Life for the people and beasts of The Nativity Story is portrayed realistically, at least in the first leg of the story. Life is precarious. Existence is fragile. One never knows when crops might fail or Roman tax collectors might seize your assets.
The rough texture of the characters' clothing is palpable on the big screen. Mary does not wear the refined veil of the painterly tradition.
The rhythms of agricultural life—treading the winepress, picking olives, harvesting grain—frame the storytelling. Faith and its rituals also play an important role. Prayer, teaching children their prophetic heritage, circumcising and naming newborn males—these things fit naturally into the rhythms of life.
This realism is the result of screenwriter Rich's careful research and the commitment from director Catherine Hardwicke to make the movie as true to first-century life as possible.
Unfortunately, that makes the film's departures from history even more jolting. The magi are portrayed as three kings (rather than simply members of a Persian priestly elite), and their arrival is choreographed to match that of the adoring shepherds. But almost all biblical scholars place the arrival of the magi somewhere between one and two years after Jesus' birth.
Rich told CT Movies' Mark Moring that he wanted to tell the story of the "quintessential Nativity scene." So the movie narrates the story of the magi and their journey in parallel with the events that move Mary and Joseph toward Bethlehem and the birth of Jesus. For literary reasons, the two story lines peak at the same point. But Matthew and Luke report these stories separately; the Bible is not bound by romantic literary conventions.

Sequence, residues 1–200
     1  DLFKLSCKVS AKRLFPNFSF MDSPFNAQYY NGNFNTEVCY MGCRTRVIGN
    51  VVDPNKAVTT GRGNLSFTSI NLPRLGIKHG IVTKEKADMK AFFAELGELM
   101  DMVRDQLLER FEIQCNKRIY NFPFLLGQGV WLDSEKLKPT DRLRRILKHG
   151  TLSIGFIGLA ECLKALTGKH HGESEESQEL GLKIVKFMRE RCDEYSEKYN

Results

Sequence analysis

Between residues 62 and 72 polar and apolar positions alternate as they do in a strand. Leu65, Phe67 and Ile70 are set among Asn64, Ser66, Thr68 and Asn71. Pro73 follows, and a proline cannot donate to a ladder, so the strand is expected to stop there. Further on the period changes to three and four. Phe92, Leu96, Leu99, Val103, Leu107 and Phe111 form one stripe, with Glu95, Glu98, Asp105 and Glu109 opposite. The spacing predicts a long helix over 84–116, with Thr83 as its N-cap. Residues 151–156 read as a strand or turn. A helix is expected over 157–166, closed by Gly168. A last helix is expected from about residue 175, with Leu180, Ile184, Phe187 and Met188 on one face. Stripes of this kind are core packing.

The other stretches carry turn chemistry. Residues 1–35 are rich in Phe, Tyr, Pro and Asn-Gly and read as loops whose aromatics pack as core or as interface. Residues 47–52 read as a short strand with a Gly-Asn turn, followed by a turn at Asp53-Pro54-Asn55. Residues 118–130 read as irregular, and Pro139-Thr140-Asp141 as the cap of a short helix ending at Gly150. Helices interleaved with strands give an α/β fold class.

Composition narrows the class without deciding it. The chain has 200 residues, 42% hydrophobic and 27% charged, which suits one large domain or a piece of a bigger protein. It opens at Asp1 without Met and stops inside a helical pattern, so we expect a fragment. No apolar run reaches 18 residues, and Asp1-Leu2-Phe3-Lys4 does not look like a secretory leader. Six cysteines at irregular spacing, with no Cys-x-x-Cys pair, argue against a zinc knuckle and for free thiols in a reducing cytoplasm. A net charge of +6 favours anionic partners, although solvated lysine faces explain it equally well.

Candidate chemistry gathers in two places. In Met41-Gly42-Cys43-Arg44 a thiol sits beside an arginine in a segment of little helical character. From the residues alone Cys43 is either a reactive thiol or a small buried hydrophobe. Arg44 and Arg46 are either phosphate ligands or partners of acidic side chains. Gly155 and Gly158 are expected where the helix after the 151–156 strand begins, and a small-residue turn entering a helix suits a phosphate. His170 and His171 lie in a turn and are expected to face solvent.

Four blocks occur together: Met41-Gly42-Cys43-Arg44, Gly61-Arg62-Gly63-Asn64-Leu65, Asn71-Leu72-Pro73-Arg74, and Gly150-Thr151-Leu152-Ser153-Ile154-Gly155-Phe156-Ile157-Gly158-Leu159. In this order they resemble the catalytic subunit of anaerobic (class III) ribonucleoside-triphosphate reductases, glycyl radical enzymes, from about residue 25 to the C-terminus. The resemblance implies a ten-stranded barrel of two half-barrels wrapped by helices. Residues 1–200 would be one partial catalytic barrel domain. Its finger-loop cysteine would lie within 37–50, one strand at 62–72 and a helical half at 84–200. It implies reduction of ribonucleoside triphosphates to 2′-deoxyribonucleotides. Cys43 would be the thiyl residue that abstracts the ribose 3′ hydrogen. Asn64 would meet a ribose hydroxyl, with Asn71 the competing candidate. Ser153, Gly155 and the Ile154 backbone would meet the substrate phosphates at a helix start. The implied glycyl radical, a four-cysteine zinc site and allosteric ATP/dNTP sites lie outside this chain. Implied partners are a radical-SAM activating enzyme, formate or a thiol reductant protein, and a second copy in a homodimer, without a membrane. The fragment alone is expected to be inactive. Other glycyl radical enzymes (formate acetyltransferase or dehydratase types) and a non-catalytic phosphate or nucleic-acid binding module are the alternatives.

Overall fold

Love Conquers History
Yet it is romantic conventions in which The Nativity Story deals. When does Mary's growing appreciation of Joseph's kindness turn to affection? After Joseph rescues Mary from a water snake, and he is resting by the riverbank, Mary takes Joseph's travel-blistered feet in her hands and bathes them tenderly. At this moment, Mary seems to stop tolerating this man of boundless good intentions and start loving him back.
The Nativity Story is a love story. And a love story demands a happy ending. But neither Matthew nor Luke is recording a love story. For them, the infancy narratives are an important part of authenticating Jesus' messiahship as foretold in the Hebrew Scriptures. The visions of the angelic messengers are correlated to birth announcements made to Sarah and Manoah's wife. Mary and Elizabeth's unexpected pregnancies, each miraculous in its own way, are correlated to the conceptions of Isaac, Samson, and Samuel. The fulfilling of ancient prophecies, the repetition of paradigmatic moments in Hebrew history, and the impenetrable genealogies are integral to the Gospel writers' purposes. The ecstatic utterances of Mary, Zechariah, and Simeon parallel the song of Hannah. The homage of the magi and the escape to Egypt have more prophetic than dramatic significance. All these things are evidence of who Jesus is and is to be.